The major features that distinguish recurrent herpes simplex virus infections from zoster are illustrated in this article by two case histories. The clinical and epidemiologic features that characterize recurrent herpes simplex virus and varicella-zoster virus infections are reviewed. It is noted that herpesvirus infections are more common and severe in patients with cellular immune deficiency. Each virus evokes both humoral and cellular immune response in the course of primary infection. DNA hybridization studies with RNA probes labelled with sulfur-35 indicate that herpes simplex viruses persist within neurons, and that varicella-zoster virus is found in the satellite cells that encircle the neurons

  4. What contemporary viruses tell us about evolution: a personal view.

    Science.gov (United States)

    Moelling, Karin

    2013-09-01

    Recent advances in information about viruses have revealed novel and surprising properties such as viral sequences in the genomes of various organisms, unexpected amounts of viruses and phages in the biosphere, and the existence of giant viruses mimicking bacteria. Viruses helped in building genomes and are driving evolution. Viruses and bacteria belong to the human body and our environment as a well-balanced ecosystem. Only in unbalanced situations do viruses cause infectious diseases or cancer. In this article, I speculate about the role of viruses during evolution based on knowledge of contemporary viruses. Are viruses our oldest ancestors?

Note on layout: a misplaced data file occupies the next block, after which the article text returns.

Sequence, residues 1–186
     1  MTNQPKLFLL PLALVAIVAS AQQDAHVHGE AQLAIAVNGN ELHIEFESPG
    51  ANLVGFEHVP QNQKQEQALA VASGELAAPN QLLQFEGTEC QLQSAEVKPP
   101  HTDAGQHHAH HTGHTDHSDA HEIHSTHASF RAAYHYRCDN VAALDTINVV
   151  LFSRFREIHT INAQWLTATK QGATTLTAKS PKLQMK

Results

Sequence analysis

5. Ebola Virus Disease in Children, Sierra Leone, 2014–2015

    Science.gov (United States)

    Naveed, Asad; Wing, Kevin; Gbessay, Musa; Ross, J.C.G.; Checchi, Francesco; Youkee, Daniel; Jalloh, Mohammed Boie; Baion, David; Mustapha, Ayeshatu; Jah, Hawanatu; Lako, Sandra; Oza, Shefali; Boufkhed, Sabah; Feury, Reynold; Bielicki, Julia A.; Gibb, Diana M.; Klein, Nigel; Sahr, Foday; Yeung, Shunmay

    2016-01-01

    Little is known about potentially modifiable factors in Ebola virus disease in children. We undertook a retrospective cohort study of children <13 years old admitted to 11 Ebola holding units in the Western Area, Sierra Leone, during 2014–2015 to identify factors affecting outcome. Primary outcome was death or discharge after transfer to Ebola treatment centers. All 309 Ebola virus–positive children 2 days–12 years old were included; outcomes were available for 282 (91%). Case-fatality was 57%, and 55% of deaths occurred in Ebola holding units. Blood test results showed hypoglycemia and hepatic/renal dysfunction. Death occurred swiftly (median 3 days after admission) and was associated with younger age and diarrhea. Despite triangulation of information from multiple sources, data availability was limited, and we identified no modifiable factors substantially affecting death. In future Ebola virus disease epidemics, robust, rapid data collection is vital to determine effectiveness of interventions for children. PMID:27649367

  6. Ebola Virus Disease, Democratic Republic of the Congo, 2014.

    Science.gov (United States)

    Nanclares, Carolina; Kapetshi, Jimmy; Lionetto, Fanshen; de la Rosa, Olimpia; Tamfun, Jean-Jacques Muyembe; Alia, Miriam; Kobinger, Gary; Bernasconi, Andrea

    2016-09-01